What are the skills needed to be a pharmacist in New Zealand?
What you need to be able to do.
With good job opportunities and the chance to earn a good salary, it’s not surprising that pharmacist jobs are popular in New Zealand.
This is a skilled profession that requires you to have certain qualifications in order to get on the ladder. In this article, we’ll explore the hard skills that pharmacists need in their day-to-day roles, and also go into some of the other traits and competencies that employers want to see. The idea is that you come out of reading this armed with the right knowledge and phrases to use when writing your CV or preparing for a job interview.
What are the skills needed to be a pharmacist?
Hard skills for pharmacists
There are a couple of major stepping stones on the way to becoming a pharmacist in New Zealand:
- Study a Bachelor of Pharmacy: These are four year courses, and are offered by both the University of Otago and University of Auckland.
- Complete an internship: This will typically involve spending a year, or more if you want to, in a professional health setting. Most commonly, this will be a community pharmacy or hospital.
Once you’ve jumped through these hoops, you’ll need to register with the Pharmacy Council of New Zealand. This is a professional organisation that was set up to safeguard quality standards for pharmaceutical employees, and you’ll have to register in order to practice as a pharmacist.
You'll need soild maths and science skills to be a pharmacist.
Your university qualification and internship experience will provide you with some of the key hard skills you’ll use on a daily basis when you’re working as a pharmacist. These include:
1. Maths and science skills
Top notch maths skills are vital for pharmacists to be able to measure the correct doses for drugs, place orders for stock and ensure the correct amount of medication is dispensed to each patient. It goes without saying, but you can’t be making mistakes in any of these tasks, so you’ll be relying on your maths skills on a daily basis.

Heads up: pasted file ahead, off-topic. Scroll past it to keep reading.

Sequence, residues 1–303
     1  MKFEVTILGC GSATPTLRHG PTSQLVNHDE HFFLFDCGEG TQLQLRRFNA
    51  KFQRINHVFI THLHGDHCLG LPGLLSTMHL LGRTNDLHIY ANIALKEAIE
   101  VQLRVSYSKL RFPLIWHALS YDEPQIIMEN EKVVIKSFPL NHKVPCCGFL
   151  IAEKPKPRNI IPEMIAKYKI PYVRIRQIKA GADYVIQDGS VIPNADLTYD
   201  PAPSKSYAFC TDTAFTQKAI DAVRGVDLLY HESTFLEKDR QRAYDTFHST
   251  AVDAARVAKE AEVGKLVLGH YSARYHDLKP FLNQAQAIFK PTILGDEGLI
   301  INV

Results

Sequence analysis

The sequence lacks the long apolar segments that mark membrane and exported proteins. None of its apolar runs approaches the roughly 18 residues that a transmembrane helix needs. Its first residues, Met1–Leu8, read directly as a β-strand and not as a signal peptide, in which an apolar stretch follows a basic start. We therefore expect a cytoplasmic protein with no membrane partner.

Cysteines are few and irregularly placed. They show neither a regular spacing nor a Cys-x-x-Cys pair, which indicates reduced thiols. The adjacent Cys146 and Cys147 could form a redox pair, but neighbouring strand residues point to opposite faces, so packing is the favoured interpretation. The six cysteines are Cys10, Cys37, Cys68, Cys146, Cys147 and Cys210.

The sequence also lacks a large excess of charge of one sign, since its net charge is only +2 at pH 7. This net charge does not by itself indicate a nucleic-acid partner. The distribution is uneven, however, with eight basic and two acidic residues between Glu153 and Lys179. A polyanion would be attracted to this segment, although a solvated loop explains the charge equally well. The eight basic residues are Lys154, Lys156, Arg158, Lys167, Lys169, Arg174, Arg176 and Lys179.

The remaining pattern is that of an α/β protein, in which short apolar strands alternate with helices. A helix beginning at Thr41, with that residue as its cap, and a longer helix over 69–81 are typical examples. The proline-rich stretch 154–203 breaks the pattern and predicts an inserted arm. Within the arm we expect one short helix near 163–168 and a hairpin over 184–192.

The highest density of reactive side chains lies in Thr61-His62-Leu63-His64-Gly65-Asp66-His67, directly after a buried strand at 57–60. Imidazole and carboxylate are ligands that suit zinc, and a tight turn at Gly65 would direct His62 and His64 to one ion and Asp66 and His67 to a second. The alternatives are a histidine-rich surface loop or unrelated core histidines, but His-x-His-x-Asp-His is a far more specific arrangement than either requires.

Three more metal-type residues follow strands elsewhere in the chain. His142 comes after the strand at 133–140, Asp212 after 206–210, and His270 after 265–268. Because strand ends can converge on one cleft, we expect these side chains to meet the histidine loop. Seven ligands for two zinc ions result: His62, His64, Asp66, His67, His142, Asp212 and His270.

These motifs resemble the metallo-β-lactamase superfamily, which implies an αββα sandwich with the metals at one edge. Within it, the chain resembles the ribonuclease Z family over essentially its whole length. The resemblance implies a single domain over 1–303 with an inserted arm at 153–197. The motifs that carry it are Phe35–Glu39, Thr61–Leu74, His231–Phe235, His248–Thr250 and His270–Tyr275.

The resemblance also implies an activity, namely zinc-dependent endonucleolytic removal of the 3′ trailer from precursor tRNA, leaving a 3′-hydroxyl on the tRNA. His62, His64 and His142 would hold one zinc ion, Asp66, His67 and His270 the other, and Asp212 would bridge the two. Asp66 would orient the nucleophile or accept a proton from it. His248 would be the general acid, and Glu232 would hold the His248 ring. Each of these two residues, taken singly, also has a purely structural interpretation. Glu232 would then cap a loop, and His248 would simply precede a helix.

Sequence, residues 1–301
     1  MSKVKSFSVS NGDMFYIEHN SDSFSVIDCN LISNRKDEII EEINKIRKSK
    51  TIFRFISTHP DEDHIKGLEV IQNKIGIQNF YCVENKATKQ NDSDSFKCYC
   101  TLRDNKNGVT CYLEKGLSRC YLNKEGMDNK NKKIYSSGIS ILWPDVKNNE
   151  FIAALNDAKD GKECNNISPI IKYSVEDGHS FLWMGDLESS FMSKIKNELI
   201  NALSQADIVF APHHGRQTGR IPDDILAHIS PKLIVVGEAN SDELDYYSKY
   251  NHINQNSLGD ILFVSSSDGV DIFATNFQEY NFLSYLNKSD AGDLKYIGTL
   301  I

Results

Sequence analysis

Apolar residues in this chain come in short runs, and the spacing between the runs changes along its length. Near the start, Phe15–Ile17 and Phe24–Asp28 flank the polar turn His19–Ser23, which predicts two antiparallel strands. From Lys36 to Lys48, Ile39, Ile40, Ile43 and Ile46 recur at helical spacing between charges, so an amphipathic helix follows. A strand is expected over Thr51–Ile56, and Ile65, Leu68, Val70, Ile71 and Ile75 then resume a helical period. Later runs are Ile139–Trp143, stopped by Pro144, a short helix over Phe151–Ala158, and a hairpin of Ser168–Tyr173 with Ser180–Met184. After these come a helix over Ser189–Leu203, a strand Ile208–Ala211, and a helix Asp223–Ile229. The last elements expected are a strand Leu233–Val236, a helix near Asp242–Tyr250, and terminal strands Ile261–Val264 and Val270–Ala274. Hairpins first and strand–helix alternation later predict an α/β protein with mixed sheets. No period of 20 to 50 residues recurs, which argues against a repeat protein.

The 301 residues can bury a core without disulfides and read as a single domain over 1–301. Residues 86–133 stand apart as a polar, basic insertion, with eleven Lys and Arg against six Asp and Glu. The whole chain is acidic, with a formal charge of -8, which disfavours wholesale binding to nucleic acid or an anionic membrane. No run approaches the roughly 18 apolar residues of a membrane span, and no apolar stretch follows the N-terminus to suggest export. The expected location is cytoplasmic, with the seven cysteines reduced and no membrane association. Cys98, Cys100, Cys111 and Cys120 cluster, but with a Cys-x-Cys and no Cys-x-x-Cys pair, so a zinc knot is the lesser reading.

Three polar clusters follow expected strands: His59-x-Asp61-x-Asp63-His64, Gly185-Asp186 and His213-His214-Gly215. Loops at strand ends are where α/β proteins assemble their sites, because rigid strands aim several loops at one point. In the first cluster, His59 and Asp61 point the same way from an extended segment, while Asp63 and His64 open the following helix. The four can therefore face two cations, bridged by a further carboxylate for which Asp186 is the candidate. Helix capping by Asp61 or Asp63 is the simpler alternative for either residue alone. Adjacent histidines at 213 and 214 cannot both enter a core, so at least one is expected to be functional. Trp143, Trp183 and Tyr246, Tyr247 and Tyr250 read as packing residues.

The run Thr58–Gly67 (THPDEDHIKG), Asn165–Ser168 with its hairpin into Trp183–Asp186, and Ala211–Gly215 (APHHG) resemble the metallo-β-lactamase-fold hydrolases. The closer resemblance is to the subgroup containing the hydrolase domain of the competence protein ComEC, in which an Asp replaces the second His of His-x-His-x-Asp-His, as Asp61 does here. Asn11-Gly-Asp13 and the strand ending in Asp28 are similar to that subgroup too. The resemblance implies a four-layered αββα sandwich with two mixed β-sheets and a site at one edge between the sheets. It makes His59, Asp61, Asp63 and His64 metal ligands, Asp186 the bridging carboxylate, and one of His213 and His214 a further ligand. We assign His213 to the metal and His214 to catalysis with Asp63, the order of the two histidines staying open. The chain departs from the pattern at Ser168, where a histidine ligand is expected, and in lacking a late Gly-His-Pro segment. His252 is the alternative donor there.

When it comes to science, understanding how the different drugs you stock impact the body is key when you;re giving out advice for over-the-counter medication, and will also allow you to talk with confidence about any prescriptions you’re filling for customers.
2. Technology skills
These will be important during your internship, as you’ll find yourself using computer databases for all sorts of tasks, ranging from storing customer information, ordering stock and communicating with GPs and other health facilities.
As well as being able to use the relevant software packages efficiently to enable a smooth workflow, you’ll also need to ensure customer privacy every step of the way, as you’ll be handling sensitive health data on a daily basis.
Soft skills for pharmacists
While your technical skills and experience should be front and centre on your CV, soft skills are also vital to being an effective pharmacist. Here are some that employers value:
1. Empathy, discretion and cultural sensitivity
Of course, in your role you’ll be dealing with lots of people who are going through rough times either physically or mentally, and you’ll need to be aware of this when you’re communicating with them.
The other key point to consider is that health is deeply personal, and customers coming into pharmacies want to feel that their information is being carefully looked after. You should also be able to spot when a customer isn’t comfortable discussing certain matters on the shop floor, so that you can offer to take them somewhere private to hear their concerns.
In addition, in a multicultural society like New Zealand, you also need to be aware that people from different backgrounds will have a variety of approaches to talking about health, and you’ll need to be able to adapt and work with them to reach a positive outcome.
People skills are also a must.
In addition to empathy and discretion, you’ll need to be able to communicate clearly with patients about the medications they’re picking up. For obvious reasons, it’s vital that they understand how and when they should be taking their medication, as well as any potential side effects and foods or activities to avoid doing while they’re taking it.
It’s important to understand that while you have four years of university as well as your professional experience under your belt, you’ll be communicating with people who have little to no knowledge of medication. This means you’ll need to be able to explain these concepts in plain English and ensure the message gets across.3. Multitasking skills
As a pharmacist you’ll be wearing multiple hats. In a single day, you’ll find yourself providing health advice, performing administration tasks such as ordering in stock and also selling goods, to name but a few potential tasks.
Due to the importance of pharmacies to each local community that they serve, it’s important that you’re able to perform each of these functions to schedule, while also ensuring utmost attention to detail. Again, this is where the internship you complete before fully diving into the professional role will equip you with the skills and experience you’ll need to be a great pharmacist.
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